Author Topic: The Great British Make Things and One Gets Eliminated Every Week Like Bake Off  (Read 730 times)

gilbertharding

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Thread about the Great Pottery Throwdown here: https://www.cookdandbombd.co.uk/forums/index.php/topic,85474.0.html

But it's week three (probably) of the brilliant Sewing Bee competition, where people have to make clothes, and Joe Lycett, Patrick Grant and Esme Young watch and judge them. I'm not really sure who Esme Young is, but it's always funny how delighted she seems when someone makes an item of clothing which might be a bit risky to wear. Joe Lycett took the presenting role from Claudia Winkleman, I guess because she's gradually become too busy. He's good in the job - funny and warm towards the contestants. The judges have good chemistry, and similarly to the judges on the Pottery show, provide proper constructive feedback, and rarely resort to subjective matters of taste.

It's also week three (I think) of the awful All That Glitters, which is like the diametric opposite of the sewing and pottery versions. People make jewellery against the clock. So far, so fine. But the judges are awful. One of them (guess) is the dictionary definition of 'sullen', and is so subjective in their judging it's jaw-dropping. In week one, Katherine Ryan tried to console one contestant who was having a nightmare, with the words "You should have the confidence of a straight white man." I mean, fuck off.


imitationleather

  • "The French... are famous... for their kissing"
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I was going to go on a rant about how giving young people granny names has finally gone too far, but then I Googled and it turns out Esme Young is 72. Never mind.

seepage

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The judges on All That Glitters bang on about accuracy and meeting the brief, but one week they then let the [better for telly?] 'bad boy' contestant through even though he'd failed to make what was asked for, at the expense of someone who had.   

I watched a couple of episodes of All That Glitters. In one episode  the jewellers had to make a "sweetheart brooch" for a guy to give to his armed forces wife who was going away on deployment. Its design needed to have a link with penguins, music, the Falklands, her regiment and their daughter's name (Holly) that were all significant things in her life. All the jewellers managed to include some aspect of these things - apart from one woman whose design looked like four silver hedgehog turds dangling from a silver bar. The judges absolutely loved it, gushing over how amazing it was (despite failing to have any link to the subjects in the brief). The guy took one with a penguin on it.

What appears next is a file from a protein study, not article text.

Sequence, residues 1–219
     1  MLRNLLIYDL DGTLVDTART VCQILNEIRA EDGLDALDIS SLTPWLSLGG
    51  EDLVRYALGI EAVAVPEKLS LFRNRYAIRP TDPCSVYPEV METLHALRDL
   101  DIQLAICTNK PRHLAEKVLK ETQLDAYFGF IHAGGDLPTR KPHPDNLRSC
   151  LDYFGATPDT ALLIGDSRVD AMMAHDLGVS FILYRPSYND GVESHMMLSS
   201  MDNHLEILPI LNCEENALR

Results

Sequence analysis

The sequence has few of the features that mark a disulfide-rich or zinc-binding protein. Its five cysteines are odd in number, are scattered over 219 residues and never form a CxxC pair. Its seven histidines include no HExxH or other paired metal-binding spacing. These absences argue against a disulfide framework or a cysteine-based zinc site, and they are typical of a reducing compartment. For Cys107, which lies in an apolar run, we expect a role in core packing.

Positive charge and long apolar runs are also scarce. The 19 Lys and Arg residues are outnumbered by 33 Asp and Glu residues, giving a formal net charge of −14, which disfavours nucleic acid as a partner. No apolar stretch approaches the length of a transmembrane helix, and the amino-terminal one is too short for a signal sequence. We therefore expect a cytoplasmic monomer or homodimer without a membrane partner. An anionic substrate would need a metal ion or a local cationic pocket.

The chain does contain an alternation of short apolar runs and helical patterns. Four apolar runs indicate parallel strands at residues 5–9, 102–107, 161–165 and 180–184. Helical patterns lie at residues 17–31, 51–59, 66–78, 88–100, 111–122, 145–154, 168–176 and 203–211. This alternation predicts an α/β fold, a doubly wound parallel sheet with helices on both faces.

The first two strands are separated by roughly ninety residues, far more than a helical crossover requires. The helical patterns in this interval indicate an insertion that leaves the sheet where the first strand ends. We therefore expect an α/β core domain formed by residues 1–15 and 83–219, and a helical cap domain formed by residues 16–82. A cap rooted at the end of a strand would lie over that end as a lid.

In another episode there was a design brief for a super-oversized ring made from alternative materials. A bloke made a fancy ring but was harshly criticised by the judges as he had managed to include "too many" of the design elements they requested in the brief.

The worst is the great british menu. Which I watch endlessly anyway for some reason.

First of all chefs from a specific region have to make a different course of a banquet and another more experienced chef critiques them and gives points, with the worst ones eliminated. The best ones from each region then go on to cook the same dishes for the judges. Who without exception have completely different taste preferences than the experienced chef who marked them in the first place, and so often hate the things the experienced chef liked. There's also the issue of the enforced 'theme' where the chefs have to give their dishes a name that represents musical heroes, or a scientific invention or something. This usually means putting it in a fancy novelty container with a picture on it. 'YOU'VE NAILED THE BRIEF'. Also it's endlessly long but spends very little time on interesting things like what techniques the chefs are actually using and how they are done. No, instead lets have an extended scene where the chefs sit down and have a cup of tea after cooking and discuss how they think it went.

there's a make-up one
and there's been a dog grooming one
and they did a master baker one (but in vast quantities) on BBC
it's all so fucking BORING

there's a make-up one
and there's been a dog grooming one
and they did a master baker one (but in vast quantities) on BBC
it's all so fucking BORING
You cannot beat the dog grooming one where the woman did a tribute to Are Brave Boys by stenciling  a soldier's grave on a poodle's arse cheek.

icehaven

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I saw an article about the make-up one on the BBC website, and one of the contestants appeared to have gone as Jared Leto's Joker, which is an odd choice for anyone appearing on a competition show, but particularly one about make-up.

icehaven